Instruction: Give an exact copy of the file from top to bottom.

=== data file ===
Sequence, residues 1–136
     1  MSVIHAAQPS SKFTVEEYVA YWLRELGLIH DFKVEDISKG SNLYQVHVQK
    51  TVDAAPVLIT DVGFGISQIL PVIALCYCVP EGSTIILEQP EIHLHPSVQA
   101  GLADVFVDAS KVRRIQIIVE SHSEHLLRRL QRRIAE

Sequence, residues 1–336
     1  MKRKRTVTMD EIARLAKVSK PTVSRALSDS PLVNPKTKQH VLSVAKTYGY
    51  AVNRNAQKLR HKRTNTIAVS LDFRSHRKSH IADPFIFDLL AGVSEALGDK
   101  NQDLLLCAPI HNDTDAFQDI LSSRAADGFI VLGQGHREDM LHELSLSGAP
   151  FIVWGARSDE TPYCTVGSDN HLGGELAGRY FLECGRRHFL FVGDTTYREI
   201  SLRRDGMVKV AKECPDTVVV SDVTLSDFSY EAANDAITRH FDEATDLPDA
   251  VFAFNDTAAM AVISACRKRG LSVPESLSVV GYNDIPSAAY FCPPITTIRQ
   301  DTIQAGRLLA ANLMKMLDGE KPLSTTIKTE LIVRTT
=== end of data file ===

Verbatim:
Sequence, residues 1–136
     1  MSVIHAAQPS SKFTVEEYVA YWLRELGLIH DFKVEDISKG SNLYQVHVQK
    51  TVDAAPVLIT DVGFGISQIL PVIALCYCVP EGSTIILEQP EIHLHPSVQA
   101  GLADVFVDAS KVRRIQIIVE SHSEHLLRRL QRRIAE

Sequence, residues 1–336
     1  MKRKRTVTMD EIARLAKVSK PTVSRALSDS PLVNPKTKQH VLSVAKTYGY
    51  AVNRNAQKLR HKRTNTIAVS LDFRSHRKSH IADPFIFDLL AGVSEALGDK
   101  NQDLLLCAPI HNDTDAFQDI LSSRAADGFI VLGQGHREDM LHELSLSGAP
   151  FIVWGARSDE TPYCTVGSDN HLGGELAGRY FLECGRRHFL FVGDTTYREI
   201  SLRRDGMVKV AKECPDTVVV SDVTLSDFSY EAANDAITRH FDEATDLPDA
   251  VFAFNDTAAM AVISACRKRG LSVPESLSVV GYNDIPSAAY FCPPITTIRQ
   301  DTIQAGRLLA ANLMKMLDGE KPLSTTIKTE LIVRTT